Junkyard Find: 1987 Volkswagen Fox

Murilee Martin
by Murilee Martin
If you’re a European car manufacturer in the middle 1980s, what do you do when Tercels and Excels and Justys make your value-priced econobox seem too expensive in North America? If you’re Volkswagen, you call up your Brazilian operation and start building Americanized versions of the VW Gol, successor to the Type 1 Beetle in the South American market.Here’s a very early example of the first-year Fox, found in a Denver-area self-service wrecking yard.
The Fox (not to be confused with the Audi-badged version of the early-1970s VW Dasher aka Audi 80 aka Passat, also called the Fox in North America) was sold here for the 1987 through 1993 model years. This one was built in September of 1986 and its production-sequence number (blanked out in this photo) is in the low three digits, so we’re looking at one of the very first Foxes sold.
The odometer reading is low and the interior isn’t too fried by the Colorado sun, so I think this car spent most of its life in a garage. Perhaps it broke a decade or two ago, or maybe its owner had a very short and/or occasional commute. The big analog clock is the kind of luxury feature you’d have never seen on a Toyota Tercel, and it still keeps good time at age 32; naturally, I have added it to my car clock collection.
Power came from the same 1.8-liter four-cylinder engine that went into the base versions of the Golf, Jetta, and Scirocco; the Fox version made 81 horsepower in 1987. Note the fuel distributor for the dreaded CIS fuel-injection system, next to the intake manifold.
Despite the nice clock, this car was one of the cheapest versions of the Fox: a two-door sedan with four-speed manual transmission, scratchy industro-cloth upholstery, and no air conditioning. The MSRP came to just $5,690 in 1987, a steal compared to the $8,190 Golf that year. Meanwhile, the wretched 1987 Hyundai Excel sold for $5,995 and the well-built-but-boring 1987 Toyota Tercel had a $6,548 price tag. The tinny and underpowered Subaru Justy cost $5,725. You could get the early-1970s-technology Chevette for a mere $4,995 that year (yes, GM was still selling Chevettes in 1987), and the best Yugoslavian car in North America could be had for just $4,185 that year.The Fox was more reliable than the Excel and Yugo, more comfortable than the Chevette, slightly less rust-prone than the Justy, and a lot more fun to drive than the Tercel, so it wasn’t a bad deal for its time (though I’d still have bought the Tercel, or a five-year-old Civic).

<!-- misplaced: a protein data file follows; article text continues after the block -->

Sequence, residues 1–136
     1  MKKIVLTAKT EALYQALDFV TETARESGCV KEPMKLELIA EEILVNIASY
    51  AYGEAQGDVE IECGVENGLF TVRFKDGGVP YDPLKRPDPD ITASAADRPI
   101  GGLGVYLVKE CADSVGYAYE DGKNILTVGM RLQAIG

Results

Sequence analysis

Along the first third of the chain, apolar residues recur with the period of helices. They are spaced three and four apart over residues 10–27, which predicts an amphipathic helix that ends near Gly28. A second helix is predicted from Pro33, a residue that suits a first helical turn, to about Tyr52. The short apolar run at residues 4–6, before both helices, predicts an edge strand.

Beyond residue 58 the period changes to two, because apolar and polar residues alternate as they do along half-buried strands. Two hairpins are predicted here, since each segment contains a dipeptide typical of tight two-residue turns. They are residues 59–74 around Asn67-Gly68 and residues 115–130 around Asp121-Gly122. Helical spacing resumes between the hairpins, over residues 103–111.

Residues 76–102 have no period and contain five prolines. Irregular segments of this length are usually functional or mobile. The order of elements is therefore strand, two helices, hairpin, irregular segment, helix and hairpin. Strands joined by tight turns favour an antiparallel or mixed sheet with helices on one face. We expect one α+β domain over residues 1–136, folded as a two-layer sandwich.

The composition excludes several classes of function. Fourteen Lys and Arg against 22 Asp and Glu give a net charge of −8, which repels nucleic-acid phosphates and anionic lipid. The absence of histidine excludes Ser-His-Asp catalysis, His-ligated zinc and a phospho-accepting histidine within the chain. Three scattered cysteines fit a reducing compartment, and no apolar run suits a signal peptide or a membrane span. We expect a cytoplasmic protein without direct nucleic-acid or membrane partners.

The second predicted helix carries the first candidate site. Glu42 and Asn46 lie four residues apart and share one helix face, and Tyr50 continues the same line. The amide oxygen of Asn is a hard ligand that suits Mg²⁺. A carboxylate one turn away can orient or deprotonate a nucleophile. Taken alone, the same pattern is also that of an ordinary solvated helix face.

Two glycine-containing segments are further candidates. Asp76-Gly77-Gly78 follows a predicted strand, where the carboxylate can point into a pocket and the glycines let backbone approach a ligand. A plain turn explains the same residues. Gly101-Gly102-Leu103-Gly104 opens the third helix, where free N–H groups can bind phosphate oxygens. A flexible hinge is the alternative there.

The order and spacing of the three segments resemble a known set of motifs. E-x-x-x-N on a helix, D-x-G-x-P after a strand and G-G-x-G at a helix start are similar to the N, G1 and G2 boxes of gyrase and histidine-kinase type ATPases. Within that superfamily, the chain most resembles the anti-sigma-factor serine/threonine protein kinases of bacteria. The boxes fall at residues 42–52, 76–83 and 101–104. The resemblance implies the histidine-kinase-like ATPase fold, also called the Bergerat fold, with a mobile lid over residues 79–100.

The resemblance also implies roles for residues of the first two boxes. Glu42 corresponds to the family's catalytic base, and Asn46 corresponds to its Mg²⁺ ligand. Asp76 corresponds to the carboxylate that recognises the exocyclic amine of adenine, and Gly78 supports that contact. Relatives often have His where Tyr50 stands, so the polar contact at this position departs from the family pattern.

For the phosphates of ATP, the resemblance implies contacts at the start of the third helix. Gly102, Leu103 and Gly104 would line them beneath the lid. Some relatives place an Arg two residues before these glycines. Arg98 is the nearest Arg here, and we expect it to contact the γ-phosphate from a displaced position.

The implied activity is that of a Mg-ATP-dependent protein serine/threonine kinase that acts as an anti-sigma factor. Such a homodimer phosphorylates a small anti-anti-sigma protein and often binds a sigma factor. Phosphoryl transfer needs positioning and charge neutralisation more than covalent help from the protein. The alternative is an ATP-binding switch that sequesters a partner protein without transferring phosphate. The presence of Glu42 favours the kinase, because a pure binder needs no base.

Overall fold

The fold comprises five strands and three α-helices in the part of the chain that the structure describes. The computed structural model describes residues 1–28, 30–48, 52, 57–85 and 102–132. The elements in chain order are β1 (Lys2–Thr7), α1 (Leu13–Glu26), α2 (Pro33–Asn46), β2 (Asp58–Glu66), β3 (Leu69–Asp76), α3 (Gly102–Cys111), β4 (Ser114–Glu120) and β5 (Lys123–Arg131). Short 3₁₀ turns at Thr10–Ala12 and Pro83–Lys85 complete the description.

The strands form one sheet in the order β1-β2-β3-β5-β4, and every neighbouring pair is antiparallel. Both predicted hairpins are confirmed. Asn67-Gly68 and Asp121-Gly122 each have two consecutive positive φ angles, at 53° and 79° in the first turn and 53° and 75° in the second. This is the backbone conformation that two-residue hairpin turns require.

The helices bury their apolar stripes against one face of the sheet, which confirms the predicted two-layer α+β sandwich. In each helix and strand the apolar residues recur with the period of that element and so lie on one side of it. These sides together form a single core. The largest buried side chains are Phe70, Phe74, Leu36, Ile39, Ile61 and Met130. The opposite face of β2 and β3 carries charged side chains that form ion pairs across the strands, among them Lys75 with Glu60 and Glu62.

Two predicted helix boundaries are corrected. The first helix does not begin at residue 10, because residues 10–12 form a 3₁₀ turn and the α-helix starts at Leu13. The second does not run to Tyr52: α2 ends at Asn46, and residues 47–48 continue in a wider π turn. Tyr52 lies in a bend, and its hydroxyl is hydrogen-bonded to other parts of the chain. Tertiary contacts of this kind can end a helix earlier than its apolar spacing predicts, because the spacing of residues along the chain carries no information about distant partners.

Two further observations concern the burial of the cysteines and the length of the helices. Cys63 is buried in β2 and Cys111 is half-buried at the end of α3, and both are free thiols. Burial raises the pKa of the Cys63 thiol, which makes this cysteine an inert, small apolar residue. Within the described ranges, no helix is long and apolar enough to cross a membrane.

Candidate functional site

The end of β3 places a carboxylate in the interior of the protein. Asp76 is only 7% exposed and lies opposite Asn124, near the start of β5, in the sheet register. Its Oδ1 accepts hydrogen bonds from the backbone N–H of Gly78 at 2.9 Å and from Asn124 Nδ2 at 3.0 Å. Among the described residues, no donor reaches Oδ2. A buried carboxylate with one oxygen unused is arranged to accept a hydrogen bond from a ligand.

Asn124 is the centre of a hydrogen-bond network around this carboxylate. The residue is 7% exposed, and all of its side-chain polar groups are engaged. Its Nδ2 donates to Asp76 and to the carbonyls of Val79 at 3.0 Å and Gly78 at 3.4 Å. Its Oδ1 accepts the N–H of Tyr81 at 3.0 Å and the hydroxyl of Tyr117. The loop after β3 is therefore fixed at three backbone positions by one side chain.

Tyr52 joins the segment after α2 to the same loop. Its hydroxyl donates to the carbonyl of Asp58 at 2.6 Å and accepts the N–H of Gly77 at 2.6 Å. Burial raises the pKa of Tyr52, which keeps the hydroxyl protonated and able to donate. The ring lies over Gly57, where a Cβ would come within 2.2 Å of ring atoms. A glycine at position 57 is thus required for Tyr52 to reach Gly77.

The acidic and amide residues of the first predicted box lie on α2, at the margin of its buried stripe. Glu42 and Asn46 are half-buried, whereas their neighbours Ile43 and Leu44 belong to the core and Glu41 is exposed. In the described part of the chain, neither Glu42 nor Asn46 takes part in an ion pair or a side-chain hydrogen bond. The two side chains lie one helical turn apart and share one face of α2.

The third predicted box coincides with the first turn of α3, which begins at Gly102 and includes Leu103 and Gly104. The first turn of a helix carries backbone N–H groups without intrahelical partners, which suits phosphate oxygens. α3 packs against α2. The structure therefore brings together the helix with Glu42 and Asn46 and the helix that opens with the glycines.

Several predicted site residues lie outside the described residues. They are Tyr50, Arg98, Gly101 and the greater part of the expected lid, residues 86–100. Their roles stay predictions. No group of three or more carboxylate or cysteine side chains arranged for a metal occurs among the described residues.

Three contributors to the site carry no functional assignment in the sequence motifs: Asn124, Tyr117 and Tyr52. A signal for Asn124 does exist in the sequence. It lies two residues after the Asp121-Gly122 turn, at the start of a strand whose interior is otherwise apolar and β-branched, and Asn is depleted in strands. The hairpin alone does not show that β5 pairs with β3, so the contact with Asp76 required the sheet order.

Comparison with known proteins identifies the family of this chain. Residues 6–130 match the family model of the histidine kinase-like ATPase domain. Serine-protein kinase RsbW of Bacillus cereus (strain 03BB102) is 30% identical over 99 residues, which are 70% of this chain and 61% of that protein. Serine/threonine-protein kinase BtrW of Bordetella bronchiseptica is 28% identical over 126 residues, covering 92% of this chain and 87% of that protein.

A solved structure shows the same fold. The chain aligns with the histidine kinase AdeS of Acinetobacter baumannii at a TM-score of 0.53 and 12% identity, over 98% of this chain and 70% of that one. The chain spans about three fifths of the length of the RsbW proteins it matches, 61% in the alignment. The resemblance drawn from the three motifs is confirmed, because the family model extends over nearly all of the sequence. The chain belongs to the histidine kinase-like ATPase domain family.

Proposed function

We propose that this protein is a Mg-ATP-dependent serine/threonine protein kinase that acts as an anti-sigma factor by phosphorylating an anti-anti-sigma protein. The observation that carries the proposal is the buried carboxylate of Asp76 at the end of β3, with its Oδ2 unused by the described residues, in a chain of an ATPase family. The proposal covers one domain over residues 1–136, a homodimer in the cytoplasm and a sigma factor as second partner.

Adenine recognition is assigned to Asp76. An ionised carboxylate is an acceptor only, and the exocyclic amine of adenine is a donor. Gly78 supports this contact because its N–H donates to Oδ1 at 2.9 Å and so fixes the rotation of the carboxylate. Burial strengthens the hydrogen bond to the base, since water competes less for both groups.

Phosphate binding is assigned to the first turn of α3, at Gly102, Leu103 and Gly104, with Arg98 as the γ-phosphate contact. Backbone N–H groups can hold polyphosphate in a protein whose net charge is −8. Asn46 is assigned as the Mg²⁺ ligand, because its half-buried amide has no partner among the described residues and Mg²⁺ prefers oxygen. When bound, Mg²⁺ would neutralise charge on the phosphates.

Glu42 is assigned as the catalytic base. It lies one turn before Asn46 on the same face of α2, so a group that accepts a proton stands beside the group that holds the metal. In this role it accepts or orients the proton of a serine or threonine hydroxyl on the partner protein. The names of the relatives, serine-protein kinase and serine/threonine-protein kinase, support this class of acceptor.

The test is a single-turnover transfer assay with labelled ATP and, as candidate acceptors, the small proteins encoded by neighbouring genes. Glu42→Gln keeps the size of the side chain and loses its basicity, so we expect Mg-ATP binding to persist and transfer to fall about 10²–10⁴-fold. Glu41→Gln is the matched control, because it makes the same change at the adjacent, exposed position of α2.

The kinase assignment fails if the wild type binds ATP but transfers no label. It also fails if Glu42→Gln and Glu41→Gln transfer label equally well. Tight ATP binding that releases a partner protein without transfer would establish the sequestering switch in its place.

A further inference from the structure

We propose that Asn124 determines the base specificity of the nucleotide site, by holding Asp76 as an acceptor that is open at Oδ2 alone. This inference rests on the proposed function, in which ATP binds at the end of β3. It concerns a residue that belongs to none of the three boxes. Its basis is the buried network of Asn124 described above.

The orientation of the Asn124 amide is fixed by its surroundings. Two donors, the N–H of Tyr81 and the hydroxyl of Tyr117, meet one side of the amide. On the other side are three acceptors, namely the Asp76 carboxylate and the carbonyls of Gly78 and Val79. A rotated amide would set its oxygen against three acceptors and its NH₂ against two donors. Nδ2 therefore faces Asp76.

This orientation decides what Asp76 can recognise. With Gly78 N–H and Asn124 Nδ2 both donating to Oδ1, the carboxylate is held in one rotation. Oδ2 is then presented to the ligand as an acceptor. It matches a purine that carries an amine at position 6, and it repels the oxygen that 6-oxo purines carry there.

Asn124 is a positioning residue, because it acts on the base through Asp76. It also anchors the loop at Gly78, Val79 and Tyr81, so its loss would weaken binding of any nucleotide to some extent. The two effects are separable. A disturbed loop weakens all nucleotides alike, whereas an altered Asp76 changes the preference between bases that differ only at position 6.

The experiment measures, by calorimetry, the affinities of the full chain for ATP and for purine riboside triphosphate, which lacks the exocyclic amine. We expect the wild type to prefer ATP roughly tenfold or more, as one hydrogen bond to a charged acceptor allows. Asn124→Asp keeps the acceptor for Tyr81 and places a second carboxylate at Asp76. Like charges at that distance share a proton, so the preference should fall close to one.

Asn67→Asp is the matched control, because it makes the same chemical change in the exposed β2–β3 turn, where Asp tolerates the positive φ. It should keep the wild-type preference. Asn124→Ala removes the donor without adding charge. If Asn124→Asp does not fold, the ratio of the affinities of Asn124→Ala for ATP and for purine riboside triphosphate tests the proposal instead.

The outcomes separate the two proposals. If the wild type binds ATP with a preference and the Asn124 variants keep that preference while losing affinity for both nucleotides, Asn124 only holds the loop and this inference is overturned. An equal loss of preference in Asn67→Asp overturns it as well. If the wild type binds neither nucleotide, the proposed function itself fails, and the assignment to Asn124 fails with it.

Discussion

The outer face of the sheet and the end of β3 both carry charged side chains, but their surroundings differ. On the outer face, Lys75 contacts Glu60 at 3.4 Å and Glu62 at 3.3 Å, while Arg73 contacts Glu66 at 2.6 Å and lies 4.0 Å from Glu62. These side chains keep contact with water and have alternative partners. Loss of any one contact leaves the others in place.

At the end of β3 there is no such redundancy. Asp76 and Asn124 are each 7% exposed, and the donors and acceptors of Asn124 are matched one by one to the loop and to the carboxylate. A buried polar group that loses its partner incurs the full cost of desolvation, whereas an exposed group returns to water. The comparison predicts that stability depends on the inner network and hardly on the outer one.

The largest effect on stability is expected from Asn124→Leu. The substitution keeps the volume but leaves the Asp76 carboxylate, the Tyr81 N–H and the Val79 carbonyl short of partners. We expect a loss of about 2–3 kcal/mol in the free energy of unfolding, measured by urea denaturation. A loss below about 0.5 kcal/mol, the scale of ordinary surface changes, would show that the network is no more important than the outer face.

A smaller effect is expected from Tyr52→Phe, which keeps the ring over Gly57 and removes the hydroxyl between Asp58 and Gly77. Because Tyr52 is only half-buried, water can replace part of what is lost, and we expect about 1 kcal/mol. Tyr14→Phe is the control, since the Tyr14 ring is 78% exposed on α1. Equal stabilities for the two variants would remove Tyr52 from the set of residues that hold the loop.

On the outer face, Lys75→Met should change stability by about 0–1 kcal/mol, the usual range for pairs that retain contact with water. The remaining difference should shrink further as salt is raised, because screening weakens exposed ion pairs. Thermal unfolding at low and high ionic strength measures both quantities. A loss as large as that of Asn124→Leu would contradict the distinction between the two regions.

An interesting bit of Volkswagen history, but even the most diehard North American VW fanatics seem indifferent to Foxes; even after a couple of months in this junkyard’s inventory, few of its parts have been sold.
German engineering everyone can afford… again.
The Brazilian-market ads were a lot more fun.
Murilee Martin
Murilee Martin

Murilee Martin is the pen name of Phil Greden, a writer who has lived in Minnesota, California, Georgia and (now) Colorado. He has toiled at copywriting, technical writing, junkmail writing, fiction writing and now automotive writing. He has owned many terrible vehicles and some good ones. He spends a great deal of time in self-service junkyards. These days, he writes for publications including Autoweek, Autoblog, Hagerty, The Truth About Cars and Capital One.

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  • Furiouschads Furiouschads on Aug 24, 2019

    Bernie owned a VW Fox.

  • Brassnpockt Brassnpockt on Aug 15, 2023

    I had an '88, 2-dr base. It was a nice car. Coming from an Escort, it was like driving a Bentley. The 4-door GL had a/c and a velour interior which was nicer. Later I owned an '88 wagon which I also liked. They were good cars for me. In fact, I still drive a VW today.

  • RHD Questions? None, no, not really. Interested in some random Hyundai? No, not at all. Yawn.
  • Formula m Alfa-Romeo had the great idea to unveil my all time favourite car at the world expo in Montreal. Never built or Sold in North America. The called it the Alfa Romeo Montreal. Never even sold in North America.
  • RHD Nice little car. Give it comfortable seats, price it very competitively and leave the Alfa Romeo script on the grille. We need a smaller, cheaper electric car, and this could be just the thing to bring AR back. Heck, rebrand a variant as a Chrysler, so that potential buyers actually have something to look at in the showroom. Give it a nice long warranty. The wheels are great, hopefully the rest of it will follow through.
  • Jkross22 bwa ha ha ha ha!